How longtime music executives try to protect artists’ heritage
Irving Azov wants to preserve the artist’s legacy and his own legacy in the age of music streaming.
Completers in the music industry run several companies, including concert promoters and record labels, and have led the greatest artists of several generations, including Eagles, Bonjobi, Steelie Dan and Nicki Minaj.
His latest venture, the Iconic Artists Group, Crowded Market for Investment in Music, and signed a catalog of writing and recording catalogs for Beach Boys, David Crosby and Linda Ronstadt.
Over the past five years, music rights have become more valuable as streaming revenue on services such as:
Spotify technology HER
Apple Of a company
Apple Music has grown and music is used more in other areas such as digital fitness, video games, and social media. Songwriters’ catalogs commanded selling prices 10 to 20 times the annual royalties compared to 8 to 13 times the previous price.
Azov, who was recently inducted into the Rock and Roll Hall of Fame, raised nearly $ 500 million for Iconic from Guggenheim Securities and chose the artist he would take as the custodian of their lifetime’s work. . I am. He also thinks about his own heritage and what he confides in his children.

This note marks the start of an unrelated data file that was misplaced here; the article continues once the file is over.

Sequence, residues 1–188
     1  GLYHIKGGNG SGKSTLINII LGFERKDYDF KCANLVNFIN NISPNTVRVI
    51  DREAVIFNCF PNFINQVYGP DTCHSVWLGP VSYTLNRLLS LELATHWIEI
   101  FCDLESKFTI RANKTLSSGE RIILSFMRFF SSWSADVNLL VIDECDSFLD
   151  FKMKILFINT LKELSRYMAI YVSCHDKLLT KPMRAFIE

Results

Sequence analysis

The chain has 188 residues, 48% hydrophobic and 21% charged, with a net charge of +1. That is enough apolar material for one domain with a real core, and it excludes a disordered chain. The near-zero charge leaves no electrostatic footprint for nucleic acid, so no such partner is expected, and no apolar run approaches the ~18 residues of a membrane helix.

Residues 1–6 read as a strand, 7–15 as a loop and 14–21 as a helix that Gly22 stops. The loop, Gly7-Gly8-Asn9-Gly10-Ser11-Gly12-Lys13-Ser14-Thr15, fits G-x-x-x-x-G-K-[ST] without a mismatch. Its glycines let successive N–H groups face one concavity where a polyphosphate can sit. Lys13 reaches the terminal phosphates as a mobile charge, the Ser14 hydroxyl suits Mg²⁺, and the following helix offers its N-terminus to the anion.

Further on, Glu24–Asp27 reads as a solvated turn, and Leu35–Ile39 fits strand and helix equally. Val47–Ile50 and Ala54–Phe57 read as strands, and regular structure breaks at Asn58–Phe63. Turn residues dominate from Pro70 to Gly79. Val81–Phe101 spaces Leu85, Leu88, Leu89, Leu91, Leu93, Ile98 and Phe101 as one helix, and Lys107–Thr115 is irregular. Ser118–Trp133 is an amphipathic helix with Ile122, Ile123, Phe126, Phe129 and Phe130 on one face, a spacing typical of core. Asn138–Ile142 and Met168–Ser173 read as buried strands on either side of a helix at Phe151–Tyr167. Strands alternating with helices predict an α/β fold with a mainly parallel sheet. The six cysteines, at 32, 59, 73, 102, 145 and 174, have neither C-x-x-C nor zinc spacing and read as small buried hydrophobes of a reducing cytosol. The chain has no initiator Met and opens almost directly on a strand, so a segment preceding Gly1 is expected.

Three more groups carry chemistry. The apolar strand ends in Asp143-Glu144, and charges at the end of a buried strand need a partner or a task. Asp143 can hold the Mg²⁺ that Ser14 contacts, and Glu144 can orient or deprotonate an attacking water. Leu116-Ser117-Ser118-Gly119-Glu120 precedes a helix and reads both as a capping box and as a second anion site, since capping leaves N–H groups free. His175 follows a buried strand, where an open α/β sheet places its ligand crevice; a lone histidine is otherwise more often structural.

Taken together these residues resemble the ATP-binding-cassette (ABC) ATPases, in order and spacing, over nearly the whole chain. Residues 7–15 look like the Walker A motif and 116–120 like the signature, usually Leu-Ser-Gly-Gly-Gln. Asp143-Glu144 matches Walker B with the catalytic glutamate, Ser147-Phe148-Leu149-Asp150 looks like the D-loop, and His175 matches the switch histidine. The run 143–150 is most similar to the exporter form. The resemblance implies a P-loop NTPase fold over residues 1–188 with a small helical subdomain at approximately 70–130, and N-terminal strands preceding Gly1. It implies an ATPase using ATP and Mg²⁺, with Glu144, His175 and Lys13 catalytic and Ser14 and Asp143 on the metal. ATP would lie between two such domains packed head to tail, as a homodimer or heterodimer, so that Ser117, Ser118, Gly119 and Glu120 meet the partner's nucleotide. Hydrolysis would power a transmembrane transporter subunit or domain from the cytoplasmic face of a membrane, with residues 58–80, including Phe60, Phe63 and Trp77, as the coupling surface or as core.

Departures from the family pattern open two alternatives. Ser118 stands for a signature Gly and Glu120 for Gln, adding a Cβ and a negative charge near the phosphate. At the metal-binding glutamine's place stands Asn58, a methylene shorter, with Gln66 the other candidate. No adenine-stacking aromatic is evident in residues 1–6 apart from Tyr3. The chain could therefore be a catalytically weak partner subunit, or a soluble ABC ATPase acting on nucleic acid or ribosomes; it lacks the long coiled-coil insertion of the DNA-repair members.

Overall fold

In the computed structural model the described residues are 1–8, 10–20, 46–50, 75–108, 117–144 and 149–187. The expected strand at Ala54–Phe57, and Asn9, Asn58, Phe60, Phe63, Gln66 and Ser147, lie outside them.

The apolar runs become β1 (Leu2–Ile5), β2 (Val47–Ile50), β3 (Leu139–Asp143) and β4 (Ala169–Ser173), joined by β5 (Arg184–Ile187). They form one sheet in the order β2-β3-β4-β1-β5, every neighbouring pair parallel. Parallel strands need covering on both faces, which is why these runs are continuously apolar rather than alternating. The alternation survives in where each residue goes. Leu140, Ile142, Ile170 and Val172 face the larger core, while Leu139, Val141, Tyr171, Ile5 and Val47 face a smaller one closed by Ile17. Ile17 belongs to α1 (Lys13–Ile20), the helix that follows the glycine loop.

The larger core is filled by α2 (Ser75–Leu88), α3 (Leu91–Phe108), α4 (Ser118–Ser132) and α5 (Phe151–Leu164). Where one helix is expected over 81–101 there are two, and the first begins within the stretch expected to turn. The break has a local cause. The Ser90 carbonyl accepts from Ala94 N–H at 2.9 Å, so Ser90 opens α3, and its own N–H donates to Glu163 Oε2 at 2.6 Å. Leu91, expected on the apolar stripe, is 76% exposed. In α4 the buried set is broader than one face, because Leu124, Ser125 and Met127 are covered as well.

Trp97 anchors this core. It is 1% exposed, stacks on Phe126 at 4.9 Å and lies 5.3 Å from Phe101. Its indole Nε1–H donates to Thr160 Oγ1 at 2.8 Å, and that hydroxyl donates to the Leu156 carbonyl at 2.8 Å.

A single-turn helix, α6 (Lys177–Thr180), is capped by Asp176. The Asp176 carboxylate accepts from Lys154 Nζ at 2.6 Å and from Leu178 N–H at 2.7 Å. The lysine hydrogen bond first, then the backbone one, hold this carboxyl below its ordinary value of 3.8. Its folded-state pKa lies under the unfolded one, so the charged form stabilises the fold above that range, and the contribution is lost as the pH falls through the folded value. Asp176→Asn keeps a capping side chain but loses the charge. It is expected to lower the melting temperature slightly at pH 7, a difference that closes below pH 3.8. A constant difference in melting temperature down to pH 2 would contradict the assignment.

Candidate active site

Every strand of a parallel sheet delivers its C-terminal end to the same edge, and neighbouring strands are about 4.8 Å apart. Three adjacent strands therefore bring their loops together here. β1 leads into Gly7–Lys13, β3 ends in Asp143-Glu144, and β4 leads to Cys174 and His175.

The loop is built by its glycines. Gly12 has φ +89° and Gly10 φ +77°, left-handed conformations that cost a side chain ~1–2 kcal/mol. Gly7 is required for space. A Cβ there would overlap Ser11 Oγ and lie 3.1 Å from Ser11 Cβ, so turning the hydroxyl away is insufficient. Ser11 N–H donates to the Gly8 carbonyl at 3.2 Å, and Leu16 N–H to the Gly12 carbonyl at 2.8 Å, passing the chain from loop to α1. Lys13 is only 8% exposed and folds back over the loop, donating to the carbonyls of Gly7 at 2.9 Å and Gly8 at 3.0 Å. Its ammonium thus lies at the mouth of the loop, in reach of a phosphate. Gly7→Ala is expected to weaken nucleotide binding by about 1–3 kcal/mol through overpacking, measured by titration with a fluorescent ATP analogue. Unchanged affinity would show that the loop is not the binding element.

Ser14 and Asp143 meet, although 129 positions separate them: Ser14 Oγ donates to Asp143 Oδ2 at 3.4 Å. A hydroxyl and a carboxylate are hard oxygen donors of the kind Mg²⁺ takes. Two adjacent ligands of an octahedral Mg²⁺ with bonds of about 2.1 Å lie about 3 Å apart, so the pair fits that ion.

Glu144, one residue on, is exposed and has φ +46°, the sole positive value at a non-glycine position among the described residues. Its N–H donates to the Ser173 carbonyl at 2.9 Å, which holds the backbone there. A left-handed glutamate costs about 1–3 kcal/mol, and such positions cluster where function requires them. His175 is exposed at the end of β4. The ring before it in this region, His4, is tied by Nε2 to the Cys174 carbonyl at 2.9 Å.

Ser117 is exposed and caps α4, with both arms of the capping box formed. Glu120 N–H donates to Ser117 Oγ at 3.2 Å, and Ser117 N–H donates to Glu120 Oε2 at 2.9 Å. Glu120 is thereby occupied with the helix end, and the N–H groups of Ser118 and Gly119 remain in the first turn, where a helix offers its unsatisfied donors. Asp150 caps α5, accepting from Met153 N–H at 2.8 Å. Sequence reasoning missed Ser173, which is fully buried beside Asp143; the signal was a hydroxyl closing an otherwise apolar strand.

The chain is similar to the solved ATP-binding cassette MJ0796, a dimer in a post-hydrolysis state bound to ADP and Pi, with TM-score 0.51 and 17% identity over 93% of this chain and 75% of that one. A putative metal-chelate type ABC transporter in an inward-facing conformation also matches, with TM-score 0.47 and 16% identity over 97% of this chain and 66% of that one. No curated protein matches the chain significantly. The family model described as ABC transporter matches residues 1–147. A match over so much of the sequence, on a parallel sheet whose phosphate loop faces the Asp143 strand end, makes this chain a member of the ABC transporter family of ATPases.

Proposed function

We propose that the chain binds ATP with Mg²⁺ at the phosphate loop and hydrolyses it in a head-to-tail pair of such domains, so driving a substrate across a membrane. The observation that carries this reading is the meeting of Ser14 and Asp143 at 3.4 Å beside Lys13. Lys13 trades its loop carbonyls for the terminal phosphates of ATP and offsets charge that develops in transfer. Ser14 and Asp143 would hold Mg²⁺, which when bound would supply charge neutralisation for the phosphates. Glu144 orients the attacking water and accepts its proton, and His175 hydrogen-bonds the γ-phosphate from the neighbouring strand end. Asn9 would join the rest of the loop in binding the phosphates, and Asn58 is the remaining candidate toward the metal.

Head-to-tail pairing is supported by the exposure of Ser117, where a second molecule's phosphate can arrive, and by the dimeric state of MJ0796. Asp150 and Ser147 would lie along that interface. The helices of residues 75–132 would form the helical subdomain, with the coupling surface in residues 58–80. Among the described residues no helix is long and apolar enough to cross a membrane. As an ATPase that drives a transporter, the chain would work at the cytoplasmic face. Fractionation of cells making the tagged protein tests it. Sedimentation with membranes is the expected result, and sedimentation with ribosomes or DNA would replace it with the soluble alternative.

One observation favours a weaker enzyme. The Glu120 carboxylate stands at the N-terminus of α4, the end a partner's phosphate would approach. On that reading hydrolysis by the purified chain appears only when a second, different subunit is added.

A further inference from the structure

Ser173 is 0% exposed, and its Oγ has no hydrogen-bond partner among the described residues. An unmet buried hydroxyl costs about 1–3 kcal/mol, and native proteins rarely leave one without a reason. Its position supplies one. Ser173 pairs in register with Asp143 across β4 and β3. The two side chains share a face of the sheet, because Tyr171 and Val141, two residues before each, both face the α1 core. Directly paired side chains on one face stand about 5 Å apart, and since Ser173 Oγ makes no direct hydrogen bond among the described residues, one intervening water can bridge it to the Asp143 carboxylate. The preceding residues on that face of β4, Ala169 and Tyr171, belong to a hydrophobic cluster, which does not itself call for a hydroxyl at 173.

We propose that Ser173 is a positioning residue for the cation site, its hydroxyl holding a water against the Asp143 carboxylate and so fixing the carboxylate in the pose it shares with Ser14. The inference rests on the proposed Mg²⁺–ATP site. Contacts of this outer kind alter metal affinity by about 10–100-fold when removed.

“It’s great for the family,” he says.
Azov spoke with The Wall Street Journal about copyright trends, heritage and how pandemics have changed the music industry. Follow-up of the edited extract.
WSJ: What prompted you to create Iconic?
Mr. Azov: If you do the right thing for an artist, it will be good for your own business. Not all of those rights holders seemed to focus solely on increasing the value of intellectual property in a way that preserves and strengthens the artist’s legacy. Some people don’t have heirs in their life. Others have children who think they may not be able to manage their inheritance the way they should.
WSJ: And what about business opportunities?
Mr. Azov: If I manage my family’s funds, including current yields and bonds, if you try to save without taking big risks, and if you’ve been in this business for 52 years, I feel better I’ve noticed that my family has a flow. It feels like a more secure and growing flow than if I were just putting money into bonds.
WSJ: Why is music a good investment?
Mr. Azov: Music resists the challenges of time. It’s essential. I bet my career on great music. To this day, it has never failed me. There are always new technologies. In a business that did not add value to music assets and copyright, only two technologies can be considered in 50 years. One is 8 tracks and the other is
And file sharing. Apart from that, ratings are booming, from glass records to vinyl records, from vinyl records to cassettes, from cassettes to CDs, and now from CDs to streaming.
WSJ: How does Iconic’s strategy and structure differ from other companies investing in music?
Mr. Azov: We are not a fund. We are that long-term entity and a business enterprise that aims to create long-term value. We don’t see ourselves as the owner because everything I have done so far is done through the eyes of a manager. We see ourselves as managers.